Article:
Sillery AnchorageUp the Magothy River (also, West Shore) there are a few opportunities. Heading north into Sillery bay immediately upon entering the river is a popular anchorage is behind Dobbins Island, which is easy to get to, although it is important to be aware of shoals in the area (well charted). There is a neat house with a light house on Little Island. I prefer going around Gibson Island to the first little cove. There is a horse farm on the northern end of the cove. Nice little place to spend some time. Neither of these anchorages provide any shore-side facilities; but they are nice places to jump in the water for a swim or to just relax. I’ve not really spent time in the rest of the river so can’t comment further.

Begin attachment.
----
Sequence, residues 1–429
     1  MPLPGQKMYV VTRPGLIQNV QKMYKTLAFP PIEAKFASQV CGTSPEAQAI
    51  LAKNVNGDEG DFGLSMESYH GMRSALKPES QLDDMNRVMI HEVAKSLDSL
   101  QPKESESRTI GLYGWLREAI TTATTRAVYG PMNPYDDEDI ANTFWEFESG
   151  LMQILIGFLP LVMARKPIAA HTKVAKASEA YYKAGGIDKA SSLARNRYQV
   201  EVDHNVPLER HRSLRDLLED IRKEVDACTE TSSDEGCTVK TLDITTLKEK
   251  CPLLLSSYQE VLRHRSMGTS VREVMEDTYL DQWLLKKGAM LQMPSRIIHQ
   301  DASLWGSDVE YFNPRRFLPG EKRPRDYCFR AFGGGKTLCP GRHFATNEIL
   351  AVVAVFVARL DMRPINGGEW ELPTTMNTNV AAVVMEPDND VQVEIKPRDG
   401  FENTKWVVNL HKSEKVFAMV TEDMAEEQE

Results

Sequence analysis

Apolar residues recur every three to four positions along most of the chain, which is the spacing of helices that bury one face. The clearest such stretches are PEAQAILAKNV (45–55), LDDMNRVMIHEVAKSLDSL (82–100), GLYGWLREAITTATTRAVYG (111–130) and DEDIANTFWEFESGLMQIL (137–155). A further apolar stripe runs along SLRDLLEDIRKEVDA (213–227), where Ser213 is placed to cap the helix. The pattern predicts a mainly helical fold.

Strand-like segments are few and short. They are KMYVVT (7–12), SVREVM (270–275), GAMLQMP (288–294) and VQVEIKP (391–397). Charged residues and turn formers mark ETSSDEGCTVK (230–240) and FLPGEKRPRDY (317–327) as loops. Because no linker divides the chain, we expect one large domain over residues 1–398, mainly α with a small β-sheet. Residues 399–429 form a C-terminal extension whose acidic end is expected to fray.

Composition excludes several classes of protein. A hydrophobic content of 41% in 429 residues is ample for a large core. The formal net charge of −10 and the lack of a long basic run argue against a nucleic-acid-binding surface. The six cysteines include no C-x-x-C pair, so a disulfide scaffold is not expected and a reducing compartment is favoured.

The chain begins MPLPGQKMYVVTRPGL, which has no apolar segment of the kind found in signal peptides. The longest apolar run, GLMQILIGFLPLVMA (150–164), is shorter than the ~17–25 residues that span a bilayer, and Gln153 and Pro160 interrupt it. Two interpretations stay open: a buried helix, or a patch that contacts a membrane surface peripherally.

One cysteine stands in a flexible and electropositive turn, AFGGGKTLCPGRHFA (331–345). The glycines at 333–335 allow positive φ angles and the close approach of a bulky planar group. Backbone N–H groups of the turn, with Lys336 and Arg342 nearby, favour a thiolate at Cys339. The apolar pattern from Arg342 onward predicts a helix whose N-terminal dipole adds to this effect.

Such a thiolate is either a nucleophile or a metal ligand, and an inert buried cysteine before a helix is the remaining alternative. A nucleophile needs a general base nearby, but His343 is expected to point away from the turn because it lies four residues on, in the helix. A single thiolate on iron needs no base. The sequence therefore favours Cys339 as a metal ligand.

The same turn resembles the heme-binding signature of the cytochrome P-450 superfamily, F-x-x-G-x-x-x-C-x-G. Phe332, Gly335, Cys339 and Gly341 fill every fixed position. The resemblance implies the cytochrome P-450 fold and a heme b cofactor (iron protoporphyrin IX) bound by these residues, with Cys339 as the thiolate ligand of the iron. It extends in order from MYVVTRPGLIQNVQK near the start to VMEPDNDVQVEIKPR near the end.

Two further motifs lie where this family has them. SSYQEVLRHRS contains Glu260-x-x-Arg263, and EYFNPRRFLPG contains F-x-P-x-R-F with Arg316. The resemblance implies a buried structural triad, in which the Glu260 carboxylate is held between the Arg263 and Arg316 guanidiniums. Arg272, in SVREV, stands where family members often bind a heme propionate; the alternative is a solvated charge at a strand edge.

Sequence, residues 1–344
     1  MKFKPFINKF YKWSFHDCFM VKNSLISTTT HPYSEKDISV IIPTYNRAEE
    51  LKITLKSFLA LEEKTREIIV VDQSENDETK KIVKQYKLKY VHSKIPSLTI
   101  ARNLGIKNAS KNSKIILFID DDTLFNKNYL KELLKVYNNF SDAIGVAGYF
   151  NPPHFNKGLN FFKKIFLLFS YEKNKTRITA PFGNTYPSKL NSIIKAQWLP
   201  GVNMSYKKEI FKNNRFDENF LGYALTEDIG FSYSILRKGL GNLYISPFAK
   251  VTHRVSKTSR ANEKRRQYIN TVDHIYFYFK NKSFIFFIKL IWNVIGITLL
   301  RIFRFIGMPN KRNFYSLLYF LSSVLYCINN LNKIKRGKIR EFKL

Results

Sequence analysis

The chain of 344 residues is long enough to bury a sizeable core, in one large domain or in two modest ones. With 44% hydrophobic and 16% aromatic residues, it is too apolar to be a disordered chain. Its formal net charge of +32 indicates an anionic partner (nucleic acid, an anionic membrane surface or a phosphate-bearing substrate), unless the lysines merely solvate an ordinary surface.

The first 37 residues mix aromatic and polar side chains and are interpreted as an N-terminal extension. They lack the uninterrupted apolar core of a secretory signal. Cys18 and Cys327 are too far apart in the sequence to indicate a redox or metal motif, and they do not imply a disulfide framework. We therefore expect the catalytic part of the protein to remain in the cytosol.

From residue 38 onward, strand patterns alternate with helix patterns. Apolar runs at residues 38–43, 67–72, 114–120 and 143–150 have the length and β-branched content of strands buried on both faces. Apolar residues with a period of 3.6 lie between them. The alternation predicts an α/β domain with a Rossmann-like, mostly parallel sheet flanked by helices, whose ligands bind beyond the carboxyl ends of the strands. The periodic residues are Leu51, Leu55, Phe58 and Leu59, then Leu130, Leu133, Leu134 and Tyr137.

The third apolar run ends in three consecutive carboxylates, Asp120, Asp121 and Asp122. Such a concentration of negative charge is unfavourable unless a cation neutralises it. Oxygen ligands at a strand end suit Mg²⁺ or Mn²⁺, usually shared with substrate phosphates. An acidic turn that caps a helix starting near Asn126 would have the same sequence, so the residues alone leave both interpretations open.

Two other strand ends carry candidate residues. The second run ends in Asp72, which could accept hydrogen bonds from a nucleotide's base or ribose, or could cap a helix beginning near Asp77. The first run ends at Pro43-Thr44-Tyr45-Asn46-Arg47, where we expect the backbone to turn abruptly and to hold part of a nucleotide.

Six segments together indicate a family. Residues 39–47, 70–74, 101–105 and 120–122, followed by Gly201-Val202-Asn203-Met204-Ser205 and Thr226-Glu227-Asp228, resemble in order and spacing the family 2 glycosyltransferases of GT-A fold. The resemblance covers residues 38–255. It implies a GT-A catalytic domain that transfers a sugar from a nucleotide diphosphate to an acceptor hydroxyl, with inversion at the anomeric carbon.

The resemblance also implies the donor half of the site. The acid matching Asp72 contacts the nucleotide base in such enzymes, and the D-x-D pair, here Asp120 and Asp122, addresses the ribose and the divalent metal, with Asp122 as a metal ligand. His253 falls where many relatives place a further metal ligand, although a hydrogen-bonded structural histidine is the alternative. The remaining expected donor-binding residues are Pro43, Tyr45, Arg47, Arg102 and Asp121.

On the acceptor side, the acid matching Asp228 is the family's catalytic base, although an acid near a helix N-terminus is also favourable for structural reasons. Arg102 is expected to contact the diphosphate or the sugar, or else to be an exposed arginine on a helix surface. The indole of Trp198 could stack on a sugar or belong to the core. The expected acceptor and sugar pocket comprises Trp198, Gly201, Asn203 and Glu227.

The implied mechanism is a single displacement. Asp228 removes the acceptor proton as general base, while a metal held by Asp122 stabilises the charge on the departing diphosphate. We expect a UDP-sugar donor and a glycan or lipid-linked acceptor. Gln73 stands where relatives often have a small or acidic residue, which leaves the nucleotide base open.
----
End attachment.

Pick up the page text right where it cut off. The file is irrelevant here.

The Chester River is a scenic place to spend a few days. It is just a little north of the Bay Bridge on the Eastern Shore. I’ve only recently started exploring this area, so can’t speak too much about it. There is no shortage of nice anchorages. I haven’t been ashore up this river, but if you go all the way up to Chestertown there should be services. I’ve been meaning to check out Centerville (at the end of the Corsica River off of the Chester) as well. I suspect there are other gems up here.